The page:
A Blustery Autumn Hike at Polly Cove Trail

It was a windy, grey Wednesday, just a few short days into freedom after 14 days of quarantine. If you’re not in the Atlantic Bubble, you may not know that anyone coming into the Atlantic provinces has to quarantine for 14 days before doing anything. I am appreciative of the rule and the security it brings, but 14 days sure are long. And because of that, one of my daydreams during quarantine was to run freely by the ocean. So as soon as we could, that’s exactly what we did.

Screenshot from Google Maps to show Polly Cove in relation to Halifax.

On that windy, grey Wednesday, Nick and I got in the car and headed to Polly Cove hiking trail for the first time. The hike is located 30-40 minutes outside of Halifax, on highway 333. Just 2km from Peggy’s Cove! If you go at a quiet time, parking will sneak up on you because it’s just a small gravel pit on the ocean side of the road. Once you’re there, there is an unmarked, overgrown path that you’ll walk to get onto the “main” trail. And once you emerge, it’s beautiful.

The landscape at Polly Cove is rugged and otherworldly.

When we emerged from the path, my breath was taken away by the view. The landscape at Polly Cove feels like that from another planet, or the moon. I love the ruggedness, the weird rock formations and how barren it feels. Especially if no one else is on the trail. When Nick and I were there, everything was shrouded in a thick fog, but not so thick that we couldn’t see the crashing waves.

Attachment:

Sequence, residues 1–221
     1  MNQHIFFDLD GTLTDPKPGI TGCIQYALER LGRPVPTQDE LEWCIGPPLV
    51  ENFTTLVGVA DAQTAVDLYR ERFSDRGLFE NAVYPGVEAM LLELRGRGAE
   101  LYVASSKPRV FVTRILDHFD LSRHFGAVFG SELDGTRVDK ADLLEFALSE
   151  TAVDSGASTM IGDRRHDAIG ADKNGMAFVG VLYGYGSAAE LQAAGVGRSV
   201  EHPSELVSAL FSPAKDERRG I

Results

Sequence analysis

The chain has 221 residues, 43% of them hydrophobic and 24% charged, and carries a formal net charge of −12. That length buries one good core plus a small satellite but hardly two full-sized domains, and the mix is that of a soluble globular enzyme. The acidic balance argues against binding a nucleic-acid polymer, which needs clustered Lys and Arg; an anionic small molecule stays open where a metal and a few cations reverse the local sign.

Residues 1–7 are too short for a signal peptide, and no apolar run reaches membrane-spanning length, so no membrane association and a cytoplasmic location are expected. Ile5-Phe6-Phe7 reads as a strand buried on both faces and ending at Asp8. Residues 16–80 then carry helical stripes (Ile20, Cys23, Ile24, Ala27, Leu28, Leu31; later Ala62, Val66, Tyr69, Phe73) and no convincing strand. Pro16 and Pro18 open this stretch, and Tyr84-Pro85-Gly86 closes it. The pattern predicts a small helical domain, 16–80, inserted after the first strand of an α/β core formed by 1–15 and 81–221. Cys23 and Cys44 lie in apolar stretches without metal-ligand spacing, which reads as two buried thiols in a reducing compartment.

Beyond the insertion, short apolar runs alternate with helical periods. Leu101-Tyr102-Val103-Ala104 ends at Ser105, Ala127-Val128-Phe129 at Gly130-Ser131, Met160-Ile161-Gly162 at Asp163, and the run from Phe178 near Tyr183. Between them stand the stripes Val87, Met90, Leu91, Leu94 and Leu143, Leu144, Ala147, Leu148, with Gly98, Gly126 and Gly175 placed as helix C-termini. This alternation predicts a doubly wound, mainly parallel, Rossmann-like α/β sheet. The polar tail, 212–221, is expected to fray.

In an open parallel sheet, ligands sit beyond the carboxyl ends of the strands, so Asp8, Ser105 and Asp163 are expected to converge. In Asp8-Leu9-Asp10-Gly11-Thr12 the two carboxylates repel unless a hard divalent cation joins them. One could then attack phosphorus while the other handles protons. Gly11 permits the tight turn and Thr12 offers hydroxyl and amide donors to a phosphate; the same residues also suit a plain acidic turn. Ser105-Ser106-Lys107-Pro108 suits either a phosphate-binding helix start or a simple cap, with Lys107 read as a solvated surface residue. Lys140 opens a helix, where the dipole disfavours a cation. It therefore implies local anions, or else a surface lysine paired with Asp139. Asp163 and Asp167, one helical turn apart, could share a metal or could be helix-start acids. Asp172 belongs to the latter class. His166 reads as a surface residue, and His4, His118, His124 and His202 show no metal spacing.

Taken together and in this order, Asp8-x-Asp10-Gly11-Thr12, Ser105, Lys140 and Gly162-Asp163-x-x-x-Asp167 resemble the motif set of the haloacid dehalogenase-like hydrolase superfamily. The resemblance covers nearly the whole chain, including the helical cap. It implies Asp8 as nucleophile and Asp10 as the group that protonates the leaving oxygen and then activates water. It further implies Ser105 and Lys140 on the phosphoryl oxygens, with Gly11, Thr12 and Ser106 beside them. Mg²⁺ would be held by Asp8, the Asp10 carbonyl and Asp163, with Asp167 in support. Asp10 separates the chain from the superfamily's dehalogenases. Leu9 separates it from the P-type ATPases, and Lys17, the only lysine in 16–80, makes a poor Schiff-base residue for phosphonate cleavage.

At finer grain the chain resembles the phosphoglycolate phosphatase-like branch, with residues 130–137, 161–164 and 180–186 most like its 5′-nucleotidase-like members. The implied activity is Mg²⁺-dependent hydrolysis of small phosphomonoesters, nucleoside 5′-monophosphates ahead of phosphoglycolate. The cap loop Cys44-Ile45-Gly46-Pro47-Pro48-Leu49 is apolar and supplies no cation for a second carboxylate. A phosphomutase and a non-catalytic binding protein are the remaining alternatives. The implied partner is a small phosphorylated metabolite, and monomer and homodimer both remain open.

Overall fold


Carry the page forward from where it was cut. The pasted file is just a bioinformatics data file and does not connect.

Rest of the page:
A foggy but beautiful view of the ocean.

The Polly Cove trail loop is somewhere between 2.5-3km; however, it does not feel like a loop. There is a lot of freedom to explore many paths and frolic across the rocks in any direction. It is not the easiest trail, due to the varying terrain, but it’s good if you’re up for a challenge. We were there for just over an hour, but only because the wicked weather cut us short.

Despite milder weather conditions at home, the wind and rain were strong coming off the ocean at Polly Cove. We definitely were not dressed for a proper seaside hike in mid September. A word of advice: bring waterproof shoes, rain coats, extra socks and warm sweaters if you’re hiking Polly Cove in the fall… and no ballcaps! Nick had to hold onto his hat the entire hike (clearly we’re not yet accustomed to living back on the east coast).

Nick had to hold his hat the entire time to keep it from blowing off.

And I can’t confirm if this was a high or a low point for us during the hike, but we may have had to take shelter from the intense rain behind a rock, several times. Thankful for Polly Cove’s odd rock placements all over the trail!

Hiding from the wind and the rain! It actually helped.

Regardless of the occasionally harsh conditions, Polly Cove is a beautiful trail that you should visit if you want an adventure. Use your imagination to explore and don’t stick to any one path. Breathe in the ocean air, and let yourself be blown around by the wind. Just wear the right clothes and be open to anything, and I promise you’ll have a great time.

P.S. Have any awesome hike recommendations on the east coast? Let me know and I’ll add it to my list of trails to explore and write about.

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